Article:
Your Brain on Slideshows

Your Brain on Slideshows

Here’s what happens to audience brains when presenters speak while showing text-heavy slides. Their working memory gets overloaded.

Working memory is that part of the cognition system where we contemplate information, wrangle with it, try to digest it. But working memory has limits on its cognitive load. It can only handle so much (not much, as it turns out).

Want to see for yourself? Try this little game. While it isn’t the same as sitting in a text-heavy presentation, it recreates a similar environment where our brains are trying to keep track of too many things at once.

My best scores were better than the average – and that’s the danger. Some of us *think* we’re really good at multitasking when we really aren’t doing any of the tasks too well. Here a couple of strategies for reducing the cognitive overload that comes with text-heavy slides.

We’ll talk about this and more practical steps for improving slideshows in my webinar, Nontoxic Slideshows, this Friday at noon EDT.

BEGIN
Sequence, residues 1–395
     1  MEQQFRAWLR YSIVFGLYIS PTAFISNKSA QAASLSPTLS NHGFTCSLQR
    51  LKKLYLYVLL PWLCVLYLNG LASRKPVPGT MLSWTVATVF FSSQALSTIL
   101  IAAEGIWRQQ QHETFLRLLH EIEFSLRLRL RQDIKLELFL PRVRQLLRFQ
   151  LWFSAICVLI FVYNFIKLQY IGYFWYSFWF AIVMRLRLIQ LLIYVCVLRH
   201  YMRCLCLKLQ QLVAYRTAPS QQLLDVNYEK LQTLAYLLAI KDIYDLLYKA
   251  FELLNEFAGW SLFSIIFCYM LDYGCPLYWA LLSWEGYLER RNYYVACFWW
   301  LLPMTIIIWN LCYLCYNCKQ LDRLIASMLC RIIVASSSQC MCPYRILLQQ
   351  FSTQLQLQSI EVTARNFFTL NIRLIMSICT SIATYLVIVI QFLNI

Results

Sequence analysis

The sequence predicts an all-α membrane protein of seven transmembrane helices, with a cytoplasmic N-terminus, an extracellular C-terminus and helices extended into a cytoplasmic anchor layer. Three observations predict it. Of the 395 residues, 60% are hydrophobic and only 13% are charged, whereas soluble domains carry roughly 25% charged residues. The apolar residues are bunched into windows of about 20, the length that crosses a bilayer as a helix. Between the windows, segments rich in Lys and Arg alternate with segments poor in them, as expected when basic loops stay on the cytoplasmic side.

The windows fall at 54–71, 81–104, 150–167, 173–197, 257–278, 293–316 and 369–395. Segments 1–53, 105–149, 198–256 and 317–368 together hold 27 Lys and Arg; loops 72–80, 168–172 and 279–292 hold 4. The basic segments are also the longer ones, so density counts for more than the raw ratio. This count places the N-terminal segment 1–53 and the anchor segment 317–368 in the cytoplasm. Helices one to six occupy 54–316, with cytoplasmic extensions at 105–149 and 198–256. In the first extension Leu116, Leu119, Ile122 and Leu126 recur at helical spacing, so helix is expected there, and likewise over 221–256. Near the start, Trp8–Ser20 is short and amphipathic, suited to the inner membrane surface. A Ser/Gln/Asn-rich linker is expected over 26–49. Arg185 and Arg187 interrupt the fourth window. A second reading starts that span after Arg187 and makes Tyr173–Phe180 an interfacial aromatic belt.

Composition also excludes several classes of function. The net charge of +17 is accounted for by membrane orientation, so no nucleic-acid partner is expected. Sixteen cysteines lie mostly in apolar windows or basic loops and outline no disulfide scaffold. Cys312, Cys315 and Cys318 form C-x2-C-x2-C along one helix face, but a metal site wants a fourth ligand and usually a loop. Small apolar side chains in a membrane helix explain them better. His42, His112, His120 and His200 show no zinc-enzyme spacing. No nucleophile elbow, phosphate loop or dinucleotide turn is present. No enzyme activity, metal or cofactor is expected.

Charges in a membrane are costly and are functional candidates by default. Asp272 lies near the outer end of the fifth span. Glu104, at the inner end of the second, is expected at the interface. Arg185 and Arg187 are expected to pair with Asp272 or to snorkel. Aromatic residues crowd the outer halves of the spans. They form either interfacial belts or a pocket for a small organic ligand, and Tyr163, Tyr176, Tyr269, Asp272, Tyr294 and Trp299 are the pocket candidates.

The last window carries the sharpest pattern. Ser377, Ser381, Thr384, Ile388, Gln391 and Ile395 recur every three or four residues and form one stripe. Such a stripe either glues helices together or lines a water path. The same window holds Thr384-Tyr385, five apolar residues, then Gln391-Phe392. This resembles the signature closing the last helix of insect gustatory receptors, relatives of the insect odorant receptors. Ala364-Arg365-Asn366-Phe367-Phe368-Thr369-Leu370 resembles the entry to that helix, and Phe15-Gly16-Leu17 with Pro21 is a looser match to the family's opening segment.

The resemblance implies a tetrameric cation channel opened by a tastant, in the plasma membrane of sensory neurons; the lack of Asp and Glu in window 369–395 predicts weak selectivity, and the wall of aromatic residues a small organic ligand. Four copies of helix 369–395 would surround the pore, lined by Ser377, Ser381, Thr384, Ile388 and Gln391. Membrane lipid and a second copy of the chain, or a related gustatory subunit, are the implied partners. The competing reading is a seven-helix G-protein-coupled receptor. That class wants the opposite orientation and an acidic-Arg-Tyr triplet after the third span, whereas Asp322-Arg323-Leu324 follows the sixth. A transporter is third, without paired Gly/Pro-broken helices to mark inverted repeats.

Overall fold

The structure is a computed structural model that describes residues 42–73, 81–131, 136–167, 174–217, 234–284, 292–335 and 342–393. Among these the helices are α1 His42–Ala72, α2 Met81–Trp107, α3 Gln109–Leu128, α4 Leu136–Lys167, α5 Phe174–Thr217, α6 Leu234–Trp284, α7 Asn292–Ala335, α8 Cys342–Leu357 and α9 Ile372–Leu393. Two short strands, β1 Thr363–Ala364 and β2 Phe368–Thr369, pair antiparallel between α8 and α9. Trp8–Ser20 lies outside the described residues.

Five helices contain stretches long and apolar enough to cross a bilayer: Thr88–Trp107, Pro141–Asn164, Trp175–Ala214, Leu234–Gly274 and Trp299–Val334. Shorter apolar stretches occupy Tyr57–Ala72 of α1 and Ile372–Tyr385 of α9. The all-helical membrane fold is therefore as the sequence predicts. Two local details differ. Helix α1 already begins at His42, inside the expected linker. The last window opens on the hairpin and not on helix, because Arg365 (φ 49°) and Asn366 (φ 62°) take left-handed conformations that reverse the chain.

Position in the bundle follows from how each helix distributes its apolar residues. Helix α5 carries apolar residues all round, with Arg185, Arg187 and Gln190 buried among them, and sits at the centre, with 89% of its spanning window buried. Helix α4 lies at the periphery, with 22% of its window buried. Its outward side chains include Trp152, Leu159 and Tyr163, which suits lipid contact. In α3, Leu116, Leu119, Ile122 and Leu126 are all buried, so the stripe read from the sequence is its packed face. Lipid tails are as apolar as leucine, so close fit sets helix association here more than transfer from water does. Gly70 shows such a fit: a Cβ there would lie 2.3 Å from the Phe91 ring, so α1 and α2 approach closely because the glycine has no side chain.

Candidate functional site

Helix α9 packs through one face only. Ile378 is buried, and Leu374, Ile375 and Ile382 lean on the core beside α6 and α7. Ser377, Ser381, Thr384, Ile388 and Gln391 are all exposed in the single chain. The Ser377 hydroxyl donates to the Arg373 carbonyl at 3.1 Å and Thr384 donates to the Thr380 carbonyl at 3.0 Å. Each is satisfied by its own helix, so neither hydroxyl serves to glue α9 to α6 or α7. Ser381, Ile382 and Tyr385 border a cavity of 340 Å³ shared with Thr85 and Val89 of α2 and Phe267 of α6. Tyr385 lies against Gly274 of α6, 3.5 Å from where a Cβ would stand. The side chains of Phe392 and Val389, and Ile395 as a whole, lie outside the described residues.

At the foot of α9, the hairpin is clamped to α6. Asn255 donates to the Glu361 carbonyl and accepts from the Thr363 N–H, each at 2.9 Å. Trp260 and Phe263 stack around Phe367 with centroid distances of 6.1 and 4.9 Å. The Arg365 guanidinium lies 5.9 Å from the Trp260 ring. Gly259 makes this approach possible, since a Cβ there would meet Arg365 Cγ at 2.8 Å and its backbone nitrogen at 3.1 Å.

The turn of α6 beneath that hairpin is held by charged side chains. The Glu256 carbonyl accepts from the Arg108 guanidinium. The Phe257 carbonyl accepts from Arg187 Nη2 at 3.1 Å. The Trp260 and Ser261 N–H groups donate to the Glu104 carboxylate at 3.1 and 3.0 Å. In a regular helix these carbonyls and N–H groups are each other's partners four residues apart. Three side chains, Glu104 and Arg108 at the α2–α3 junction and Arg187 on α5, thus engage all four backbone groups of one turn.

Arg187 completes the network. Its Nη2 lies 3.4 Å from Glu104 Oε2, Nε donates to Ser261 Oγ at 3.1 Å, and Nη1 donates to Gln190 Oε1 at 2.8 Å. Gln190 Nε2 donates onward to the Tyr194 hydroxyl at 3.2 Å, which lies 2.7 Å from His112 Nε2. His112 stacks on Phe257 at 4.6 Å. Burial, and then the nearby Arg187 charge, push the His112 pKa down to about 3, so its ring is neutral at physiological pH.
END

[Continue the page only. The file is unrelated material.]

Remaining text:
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RT @RakeshMohanEval: "Where does that extra text belong? In Abe’s mouth...rather than the slidedeck." Excellent. @EasternEval #eers15 https…

@John_Gargani Kia ora! Sounds like you rocked your keynote, as usual.

RT @Nan_Wehipeihana: Countering evaluation invisibility David Stuart Taking evaluation data to the street #anzea2015

@jlaskovsky can't wait to see it. Cheers!

RT @RakeshMohanEval: Words could generate powerful effects if... How #dataviz started at @Idaho_OPE: @evergreendata

@jlaskovsky not the chart chooser, please. everything else sounds awesome! and thanks for asking first!

RT @cesnl1: .@evergreendata offers some simple ways to punch up powerpoint problems! #eval #dataviz

Such a pleasure!

I'm pretty sure the look on my face is "good god, what have you done?" & how fun the camera man could catch that.